• And alas, how will we deal with the many lawsuits/patents/hacks that will occur as the ability to imitate and own items we ‘manufacture’ at home?



NOTE: The video was taken from my cell phone (Note 3) during my visit (that’s my crown in the machine!) and edited using AndroVid Pro while sitting in the dentist chair–prior to uploading to YouTube (which took longer than finalizing and securing the crown).

[Unsolicited shout-out] If you’re in the Washington/Eastside area:
Advanced Care Dentistry
13515 NE 175th St, Woodinville, WA 98072
(425) 483-2442

“We are currently preparing students for jobs that don’t yet exist,
Using technologies that haven’t been invented,
In order to solve problems we don’t even know are problems yet.”

– Karl Fisch, “Did You Know”

How Do You Prepare Someone For Something That Doesn’t Exist?

How do you train a person for a job that hasn’t even been invented yet?  In the old days, the mantra of high school teachers was that they were “preparing students for college.”

With a trillion dollars in student-loan debt (the next bubble to burst?), 56% college graduate unemployment, and the rise of social-media engagement scores, college may not be a what teachers should be solely focusing on. (Few high school teachers I talk to are even aware of the r/evolution occurring in higher education)

65% of today’s grade school kids will end up at jobs that haven’t been invented yet
-United States Department of Labor- Futurework – Trends and Challenges for Work in the 21st Century

Fifteen years ago I had the opportunity to sit down with individual leaders of major groups at Microsoft (MSN, Games, programming, education). We talked about their jobs and the skills sets and what students needed to be successful. We talked about computer science degrees and engineering majors. A student I brought asked them about THEIR degrees.

They looked at each other and went around the table: Art Major (Line & Figure Design), Dance, Literature, & Education. They were shocked: All Liberal Arts degrees! This lead to a great discussion among themselves about what their liberal arts degree provided for them and the conclusion was that it gave them a multitude of different ways of approaching and looking at problems and asking questions. One talked about the patterns she loved in dance and how she was drawn to programming because she “saw” patterns in the code.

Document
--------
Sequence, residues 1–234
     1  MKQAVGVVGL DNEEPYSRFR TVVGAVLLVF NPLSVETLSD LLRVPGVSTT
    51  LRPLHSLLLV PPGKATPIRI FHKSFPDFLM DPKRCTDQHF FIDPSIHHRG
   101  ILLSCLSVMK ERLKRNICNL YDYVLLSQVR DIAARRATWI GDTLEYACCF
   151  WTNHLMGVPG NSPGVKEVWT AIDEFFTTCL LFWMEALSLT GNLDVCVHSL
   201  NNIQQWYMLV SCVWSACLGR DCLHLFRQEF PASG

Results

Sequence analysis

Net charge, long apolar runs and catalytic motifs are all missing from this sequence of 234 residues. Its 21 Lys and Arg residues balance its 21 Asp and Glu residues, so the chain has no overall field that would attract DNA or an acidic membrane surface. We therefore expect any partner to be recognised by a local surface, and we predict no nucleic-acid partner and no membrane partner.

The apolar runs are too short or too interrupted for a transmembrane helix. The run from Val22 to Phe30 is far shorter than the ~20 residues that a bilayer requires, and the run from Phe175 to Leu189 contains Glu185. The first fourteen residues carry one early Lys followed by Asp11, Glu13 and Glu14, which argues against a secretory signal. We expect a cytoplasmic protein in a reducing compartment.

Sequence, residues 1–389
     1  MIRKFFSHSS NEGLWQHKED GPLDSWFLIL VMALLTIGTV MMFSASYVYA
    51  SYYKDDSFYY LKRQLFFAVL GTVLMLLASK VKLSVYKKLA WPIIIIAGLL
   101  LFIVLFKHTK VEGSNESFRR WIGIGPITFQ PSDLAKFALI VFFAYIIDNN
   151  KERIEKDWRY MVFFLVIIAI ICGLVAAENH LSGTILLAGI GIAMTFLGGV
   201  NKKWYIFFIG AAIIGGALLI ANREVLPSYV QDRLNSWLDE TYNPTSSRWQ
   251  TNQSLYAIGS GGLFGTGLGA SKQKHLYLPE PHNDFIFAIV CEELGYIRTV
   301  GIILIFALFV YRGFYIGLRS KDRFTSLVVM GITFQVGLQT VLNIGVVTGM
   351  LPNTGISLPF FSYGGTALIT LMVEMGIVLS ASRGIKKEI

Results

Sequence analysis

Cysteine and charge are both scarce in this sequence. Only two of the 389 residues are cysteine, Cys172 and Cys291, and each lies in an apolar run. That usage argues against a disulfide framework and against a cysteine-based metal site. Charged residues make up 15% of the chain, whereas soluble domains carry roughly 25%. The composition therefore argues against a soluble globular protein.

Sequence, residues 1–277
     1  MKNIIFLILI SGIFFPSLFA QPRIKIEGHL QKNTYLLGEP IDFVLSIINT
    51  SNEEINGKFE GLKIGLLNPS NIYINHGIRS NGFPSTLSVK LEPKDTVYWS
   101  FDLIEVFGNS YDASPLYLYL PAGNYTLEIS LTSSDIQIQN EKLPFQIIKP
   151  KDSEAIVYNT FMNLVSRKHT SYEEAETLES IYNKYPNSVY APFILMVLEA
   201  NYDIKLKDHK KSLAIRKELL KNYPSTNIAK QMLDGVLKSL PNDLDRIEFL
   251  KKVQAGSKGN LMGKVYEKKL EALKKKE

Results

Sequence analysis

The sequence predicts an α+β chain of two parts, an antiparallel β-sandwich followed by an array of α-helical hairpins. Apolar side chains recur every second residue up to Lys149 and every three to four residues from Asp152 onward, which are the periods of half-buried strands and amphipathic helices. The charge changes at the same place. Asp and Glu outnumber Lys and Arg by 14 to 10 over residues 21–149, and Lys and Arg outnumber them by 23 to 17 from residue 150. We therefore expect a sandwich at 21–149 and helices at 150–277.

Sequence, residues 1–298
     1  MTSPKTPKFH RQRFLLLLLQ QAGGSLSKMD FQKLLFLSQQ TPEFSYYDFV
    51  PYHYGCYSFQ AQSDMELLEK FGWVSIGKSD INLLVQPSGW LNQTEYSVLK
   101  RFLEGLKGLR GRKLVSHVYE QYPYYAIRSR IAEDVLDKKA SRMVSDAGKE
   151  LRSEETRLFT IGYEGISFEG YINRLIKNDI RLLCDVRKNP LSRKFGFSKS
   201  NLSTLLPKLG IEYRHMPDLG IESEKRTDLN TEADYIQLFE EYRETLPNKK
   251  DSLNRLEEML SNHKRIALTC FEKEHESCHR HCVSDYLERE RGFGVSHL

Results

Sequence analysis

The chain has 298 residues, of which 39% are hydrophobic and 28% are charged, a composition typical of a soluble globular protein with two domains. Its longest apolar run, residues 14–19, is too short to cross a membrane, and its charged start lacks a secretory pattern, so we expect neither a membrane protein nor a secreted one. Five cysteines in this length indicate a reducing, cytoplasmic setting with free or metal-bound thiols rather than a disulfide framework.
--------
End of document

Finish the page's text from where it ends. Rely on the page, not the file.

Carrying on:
I was reminded of the above while reading Jeff Utecht’s ebook REACH: Building Communities and Networks for Professional Development, where he shares a story on page four, about meeting an American in Shanghai who coordinated programmers from China & India. Jeff writes:

When I asked him how a person with a BA in Art ends up with a job in the computer/communication business, he talked about his interview with IBM. What IBM was looking for was somebody who could learn, unlearn and relearn quickly. The degree was less important than the skills he had as a communicator and learner.

Technology is rapidly changing the world, cultures and what it means to be “employed”. In his Mobile Learning Conference Keynote address, Google’s Education Evangelist Jaime Casap shared how Google didn’t even exist when he was in high school.

The Microsoft folks seemed to believe the best preparation was learning how to solve problems and “learning how to learn”. Jeff Utecht implies learning how to “unlearn” as well as learning, and communication skills are important to prepare students for the future….What Do You Think? 


Tools for Preparing for the Future: Educational Technology

I’ve been very critical of the snail-like implementation of “technology-as-a-tool” in education. I continue to be impressed with  educators at all levels who embrace the ubiquity of the Internet, devices, and developments to enhance, enrich and strengthen student learning. I admire administrators that allow staff to experiment and safely risk making those changes.

The leaps in civilization during the The Stone Age, The Bronze Age, & The Iron Age were made possible with increased uses of technology. The rapid evolution of the Internet in modern technological history has rendered very little advances in the systematic institution of education.

So, in preparing a student for a world we can only imagine, let’s start with envisioning the future classroom with a great infographic by EnvisioningTech:


Envisioning The Future Of Education

This visualization is the result of a collaboration between the design for learning experts TFE Researchand emerging technology strategist Michell Zappa.

Complete video available for purchase at Video game executive Bing Gordon talks about the role of gamification in tech sectors. —- What new trends will emerge in the next several years? Find out at one of the Churchill Clubs most anticipated events of the year: the 14th Annual Top 10 Tech Trends debate. Be sure to get your seat as we welcome some of the techno-industries leading (and most opinionated) luminaries as they evaluate predictions for the years ahead. Our distinguished panel will rate and debate the trends. And our usual live audience of Silicon Valleys best and brightest—all with opinions of your own—will be asked to agree or disagree.